3rd and Long: Patriots vs. Panthers

3rd and Long: Patriots vs. Panthers


3rd and Long: Patriots vs. Panthers


The Patriots have lost three of their last four games for the fist time since 2002.  The media is having a field day declaring that the team’s reign atop the NFL is officially over. Adding fuel to the fire, reports surfaced that Bill Belichick sent four players home for being minutes late to a team meeting on Wednesday, and then one of those players, Adalius Thomas, made some questionable comments to the media about Belichick the next day.  Tom Brady, already with an injured shoulder and finger, now has a new injury to his ribs.  Before the season started, I viewed this final stretch of New England’s regular season as the “boring” part of the schedule.  Carolina, @ Buffalo, Jacksonville, @ Houston.  I assumed that Miami and New York would be far in the rearview mirror as the Patriots sat with 10 wins or more.  Turns out I was wrong.  The last four weeks of this 2009 season may be the most compelling of all, unfortunately, for all the wrong reasons.
As mild as the lateness incident with Thomas, Moss, Burgess, and Guyton may be, it’s still the most drama to come out of New England’s locker room this decade.  The fact that it comes on the heels of some brutal losses where the team has either blown large leads or looked completely lost, only adds to the concern that all is not well in New England.  The Patriots are notorious for keeping their mouths shut, focusing on the game at hand, and not killing themselves with mistakes in close contests.  So far, twelve games into the season, these Patriots appear to be on the path to becoming the very antithesis of what this team used to represent.  There’s been far to many “me-first” moments, costly errors, and dumb decisions.  Based on Tom Brady’s take, there’s also a fair amount of complacency and work-ethic issues in the locker room.  From where I sit, I can’t help but wonder if the Patriots have changed from a mindset where every game is a 60 minute battle, to one where they expect to roll over everyone simply because it’s the way it was in 2007.
When the Patriots were at their apex, they weren’t blowing out teams by 40.  They were winning close games by three or less.  They fought for every yard, played smart, and seized the moment when opportunities arised.  They took advantage of the teams who were playing like this 2009 version, loaded with talent, but completely unfocused and overconfident.  These next four games will either destroy this team or bring them together.  Things simply can’t continue the way they currently are.  If there isn’t a major change, these trends that have been emerging will come to a ugly head and New England will find itself in the same boat as the fallen Steelers.  However, if they decide to follow Belichick’s lead – come early, stay late, care just that little bit more – we could see this squad turn into the special team we’ve all been expecting since the summer.
First Down: Stop the Run. Against Carolina, it’s that easy.  The Panthers have a rushing attack that’s among the league’s best.  If you can take that away and make them throw the football, it’s going to be mighty tough for them to overtake you.  Probably the biggest key to the game, in addition to having a strong presence defensively on the ground, is for the Patriots to hop out to one of their patented early leads.  This will play right into their hands as it will force John Fox to abandon the run in the second half.  The Patriots have been notorious for blowing those large leads, but if they can get one on Sunday, the Panthers don’t have a QB that’s the caliber of Peyton Manning, Kyle Orton, or even Chad Henne to throw Carolina back into the game.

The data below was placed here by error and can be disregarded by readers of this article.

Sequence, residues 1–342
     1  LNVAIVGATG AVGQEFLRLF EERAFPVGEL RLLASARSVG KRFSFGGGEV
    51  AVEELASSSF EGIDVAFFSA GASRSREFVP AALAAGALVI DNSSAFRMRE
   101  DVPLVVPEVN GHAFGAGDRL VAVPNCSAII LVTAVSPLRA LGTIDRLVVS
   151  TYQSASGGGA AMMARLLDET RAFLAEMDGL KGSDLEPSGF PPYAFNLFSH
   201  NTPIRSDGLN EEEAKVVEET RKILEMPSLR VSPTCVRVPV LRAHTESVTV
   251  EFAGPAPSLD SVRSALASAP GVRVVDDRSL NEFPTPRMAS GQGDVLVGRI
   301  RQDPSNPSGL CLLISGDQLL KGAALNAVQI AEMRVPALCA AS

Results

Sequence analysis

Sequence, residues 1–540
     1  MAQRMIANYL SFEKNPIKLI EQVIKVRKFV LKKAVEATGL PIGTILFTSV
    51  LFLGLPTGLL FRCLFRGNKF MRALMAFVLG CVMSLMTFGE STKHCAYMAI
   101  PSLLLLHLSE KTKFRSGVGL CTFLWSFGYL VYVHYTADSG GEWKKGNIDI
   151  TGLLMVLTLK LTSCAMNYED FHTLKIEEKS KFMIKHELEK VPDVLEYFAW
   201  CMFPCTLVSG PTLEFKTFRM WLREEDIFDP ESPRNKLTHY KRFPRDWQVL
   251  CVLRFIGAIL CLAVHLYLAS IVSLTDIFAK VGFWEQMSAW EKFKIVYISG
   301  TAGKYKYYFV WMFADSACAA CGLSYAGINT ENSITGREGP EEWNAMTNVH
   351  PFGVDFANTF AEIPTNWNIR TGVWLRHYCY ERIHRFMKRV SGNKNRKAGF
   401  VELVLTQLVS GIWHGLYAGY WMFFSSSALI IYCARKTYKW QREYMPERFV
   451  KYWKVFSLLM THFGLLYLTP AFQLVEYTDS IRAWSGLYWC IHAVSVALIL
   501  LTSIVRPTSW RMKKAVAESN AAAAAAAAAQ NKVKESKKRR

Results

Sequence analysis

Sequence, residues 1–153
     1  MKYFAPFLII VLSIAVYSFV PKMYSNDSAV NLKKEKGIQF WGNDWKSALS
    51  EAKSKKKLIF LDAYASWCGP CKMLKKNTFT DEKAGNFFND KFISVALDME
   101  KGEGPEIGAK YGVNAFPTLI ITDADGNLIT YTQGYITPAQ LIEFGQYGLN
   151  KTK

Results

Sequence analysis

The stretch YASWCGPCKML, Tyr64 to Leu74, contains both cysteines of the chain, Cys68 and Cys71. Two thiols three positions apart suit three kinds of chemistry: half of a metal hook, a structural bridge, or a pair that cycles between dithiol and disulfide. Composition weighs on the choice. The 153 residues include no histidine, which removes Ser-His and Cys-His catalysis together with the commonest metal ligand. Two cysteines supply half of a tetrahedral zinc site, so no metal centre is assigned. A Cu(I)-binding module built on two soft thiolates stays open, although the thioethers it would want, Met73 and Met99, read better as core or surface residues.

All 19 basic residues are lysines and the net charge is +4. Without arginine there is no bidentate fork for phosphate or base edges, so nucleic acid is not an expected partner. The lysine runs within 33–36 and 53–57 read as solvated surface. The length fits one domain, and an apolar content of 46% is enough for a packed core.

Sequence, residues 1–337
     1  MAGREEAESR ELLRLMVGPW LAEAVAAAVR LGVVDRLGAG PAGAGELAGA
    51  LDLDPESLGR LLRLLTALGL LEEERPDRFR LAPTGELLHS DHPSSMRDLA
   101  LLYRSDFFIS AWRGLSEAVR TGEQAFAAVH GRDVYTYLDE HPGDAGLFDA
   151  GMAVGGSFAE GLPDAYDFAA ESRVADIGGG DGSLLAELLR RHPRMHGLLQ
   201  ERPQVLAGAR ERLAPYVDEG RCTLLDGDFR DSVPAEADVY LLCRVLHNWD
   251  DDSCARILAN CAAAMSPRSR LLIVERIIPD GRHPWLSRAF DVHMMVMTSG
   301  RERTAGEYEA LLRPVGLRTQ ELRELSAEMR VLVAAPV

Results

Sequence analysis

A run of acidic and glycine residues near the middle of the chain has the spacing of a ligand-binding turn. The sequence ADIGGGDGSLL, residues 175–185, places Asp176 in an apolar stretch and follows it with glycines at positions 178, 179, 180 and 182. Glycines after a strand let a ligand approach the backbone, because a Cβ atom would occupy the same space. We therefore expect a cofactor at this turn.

Second Down: Mix it up. I’ve been calling out the Patriots for weeks for not spreading the ball around they way they used to do.  It’s become too easy for defenses to adjust to the heavy doses of Moss and Welker that New England’s been serving up week after week.  The Patriots lack a quality third receiver, but Ben Watson still remains a part of this team.  In the Patriots hey-day, Daniel Graham and Christian Fauria were key players in the passing game.  This season, it seems as if the tight end position isn’t even an option when Brady drops back to pass.  If Brady can start relying on Watson and Aiken to take some of the pressure off Welker and Moss, the Patriots will see the field open up for them quite a bit.   In addition, Carolina has struggled greatly against the run this year.  Laurence Maroney, Sammy Morris, and, possibly, Fred Taylor should get plenty of touches to keep the Panthers honest on defense.
Third Down:  Just win. Bottom line, no matter how New England chooses to do it, this game is truly a must-win.  A third consecutive loss could end up becoming the leak that bursts the dam.  Not only that, but with the Jets and Dolphins nipping at their heels, the Patriots simply cannot afford to fall to a tie in the standings by losing what may be the easiest game remaining on the schedule.  Both Sunday’s game and next week’s against Buffalo on the road, are critical for keeping the Patriots atop the AFC East.  By the time Week 16 rolls around, the issue may have resolved itself with the Dolphins having played the Jaguars and Titans, and the Jets having faced the Falcons.  However, the key this week is simply taking care of this week’s business.  That’s defeating the Carolina Panthers and turning the team’s momentum around.
And Long…
Patriots 24, Panthers 14

More Sports


With Rookie Camps opened and the season just around the corner, let’s take a look at some of the notable players in the Oilers’ (…)

More Patriots